The port town Uno（宇野） sounds not familiar even to the locals now; of course, I meant not the car game we play at parties, but it was the principal port that connected to the main island, or Honshu, to Shikoku island before finally, the bridge connects the two island in the late 1980s, and as you can easily guess the port became so lonely that once flourished downtown filled with the workers mainly working for ship-related industry went down. Later, thanks to the art project to boost the attractions of neighboring islands such as Naoshima, this port, Uno, now connects to those towns by boat and has started to accommodate travelers who visit the islands.
So I visited this town not because of the exploitation of those islands, but just for work, only kicked away by highly priced hotels in Okayama city. I could not find anything lower than 10,000 yen for a single room, a failing budget, I thought, for a business hotel. Uno maintains the railway access from Okayama, but I rented a car for the trip. It took about an hour to reach the coast and then to Uno. I booked a newly established hotel, Uno Hotel, a hostel type, sharing rooms with the other guests in the compartment with a card key. You are given a small space with a comfortable bed but share a toilet and shower. It comes with a ticket for the neighboring Spa facility, Tamanoyu.
After taking a shower to refresh, I went out. It was only half past eight at night. In a glimpse, I could spot only a small railway station and a port facility. It looked empty. The only noise coming was the traffic on the road, which kept flowing before the station. I looked carefully to find the corners for a drink and checked the map so I could spot some bars behind the railway station. As I walked around, I noticed some lights coming off along the alleys, and I was inclined to visit one karaoke bar, seemingly run by foreigners, according to the reviews I read on Google Maps. Queens Bar, it says, and the menu on the stand was written all in English, as you find in the busiest corner in Osaka or Tokyo. Anyway, I took a staircase to climb up to the bar and was welcomed by two ladies on the counter, a Philippino and a Japanese. There were yet to be any guests.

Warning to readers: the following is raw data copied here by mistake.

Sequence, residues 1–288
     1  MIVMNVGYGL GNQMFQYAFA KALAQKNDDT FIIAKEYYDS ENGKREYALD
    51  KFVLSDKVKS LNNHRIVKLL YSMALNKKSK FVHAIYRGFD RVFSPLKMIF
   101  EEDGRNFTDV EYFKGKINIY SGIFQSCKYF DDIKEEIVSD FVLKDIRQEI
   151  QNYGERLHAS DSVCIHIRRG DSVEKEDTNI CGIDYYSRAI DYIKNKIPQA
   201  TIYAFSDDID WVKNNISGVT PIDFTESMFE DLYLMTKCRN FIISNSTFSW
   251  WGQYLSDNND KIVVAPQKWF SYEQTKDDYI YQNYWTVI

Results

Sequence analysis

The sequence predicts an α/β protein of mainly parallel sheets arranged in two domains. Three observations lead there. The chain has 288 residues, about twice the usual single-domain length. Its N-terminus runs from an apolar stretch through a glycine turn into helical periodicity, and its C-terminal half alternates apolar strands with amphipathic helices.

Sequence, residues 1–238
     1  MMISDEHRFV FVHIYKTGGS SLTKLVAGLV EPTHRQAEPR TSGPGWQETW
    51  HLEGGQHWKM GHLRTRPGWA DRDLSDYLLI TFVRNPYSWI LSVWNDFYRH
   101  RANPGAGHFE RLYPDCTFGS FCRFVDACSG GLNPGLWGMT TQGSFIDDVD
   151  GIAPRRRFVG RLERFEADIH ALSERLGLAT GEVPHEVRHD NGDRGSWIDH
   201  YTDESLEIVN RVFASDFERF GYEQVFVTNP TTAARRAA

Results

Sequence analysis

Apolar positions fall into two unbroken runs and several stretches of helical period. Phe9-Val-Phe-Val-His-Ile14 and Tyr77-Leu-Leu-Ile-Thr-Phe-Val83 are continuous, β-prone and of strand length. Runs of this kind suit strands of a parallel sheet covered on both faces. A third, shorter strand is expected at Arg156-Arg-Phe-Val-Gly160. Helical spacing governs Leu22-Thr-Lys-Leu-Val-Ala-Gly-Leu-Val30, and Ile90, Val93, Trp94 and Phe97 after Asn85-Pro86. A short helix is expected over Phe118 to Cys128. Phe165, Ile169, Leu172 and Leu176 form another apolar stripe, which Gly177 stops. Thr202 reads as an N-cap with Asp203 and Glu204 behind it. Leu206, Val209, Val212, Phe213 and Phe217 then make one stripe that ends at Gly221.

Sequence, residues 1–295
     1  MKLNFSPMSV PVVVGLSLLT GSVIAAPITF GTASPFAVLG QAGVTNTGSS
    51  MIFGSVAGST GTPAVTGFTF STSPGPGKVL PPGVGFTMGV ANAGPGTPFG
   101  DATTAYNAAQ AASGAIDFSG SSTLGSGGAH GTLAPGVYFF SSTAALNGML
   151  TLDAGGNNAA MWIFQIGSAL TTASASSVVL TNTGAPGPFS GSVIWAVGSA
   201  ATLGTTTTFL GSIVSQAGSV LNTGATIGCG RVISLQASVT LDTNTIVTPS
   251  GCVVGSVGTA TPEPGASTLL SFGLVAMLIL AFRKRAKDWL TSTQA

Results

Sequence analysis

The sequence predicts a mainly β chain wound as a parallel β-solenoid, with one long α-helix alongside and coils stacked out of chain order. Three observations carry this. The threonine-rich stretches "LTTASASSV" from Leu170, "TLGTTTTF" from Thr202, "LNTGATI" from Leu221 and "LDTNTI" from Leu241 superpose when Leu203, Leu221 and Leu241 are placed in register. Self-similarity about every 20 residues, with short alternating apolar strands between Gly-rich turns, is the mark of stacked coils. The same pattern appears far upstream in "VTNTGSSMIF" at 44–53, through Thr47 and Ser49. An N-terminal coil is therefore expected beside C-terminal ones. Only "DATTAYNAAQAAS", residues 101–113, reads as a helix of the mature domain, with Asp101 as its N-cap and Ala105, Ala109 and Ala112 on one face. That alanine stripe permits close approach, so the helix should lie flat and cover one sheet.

I went inside and again found the place nicely decorated and fashioned like a bar you find overseas. I nodded when I learned the owner was a Russian lady, and this bar was her second opening after the first, located in the neighboring town. She was absent during my visit, but the two ladies hosted me nicely and were later joined by the guests from Hiroshima, who said they had only come to this town for fun. They offer a standard lineup for a karaoke bar for drinks, like beer, shochu, and a regular Suntory whisky with soda. You also need to pay for the hourly fees, like a snack. They also had a stage to sing and dance, which I had never seen in such a karaoke bar. The ladies and the guests were so relaxed, and finally, they went to the floors and danced with each other. I felt so amused that the atmosphere they created was similar to any bar you can find in Tokyo. The songs they sing, the way they go, fun, and so on. Anyway, I feel deeply thankful for encouraging me to stand up on the stage for my poorly sung song. And I recommend anyone who comes all the way down to Uno to have a look. Do not give up on exploring the town from the first glimpse; you always need patience and look carefully to experience something unexpected.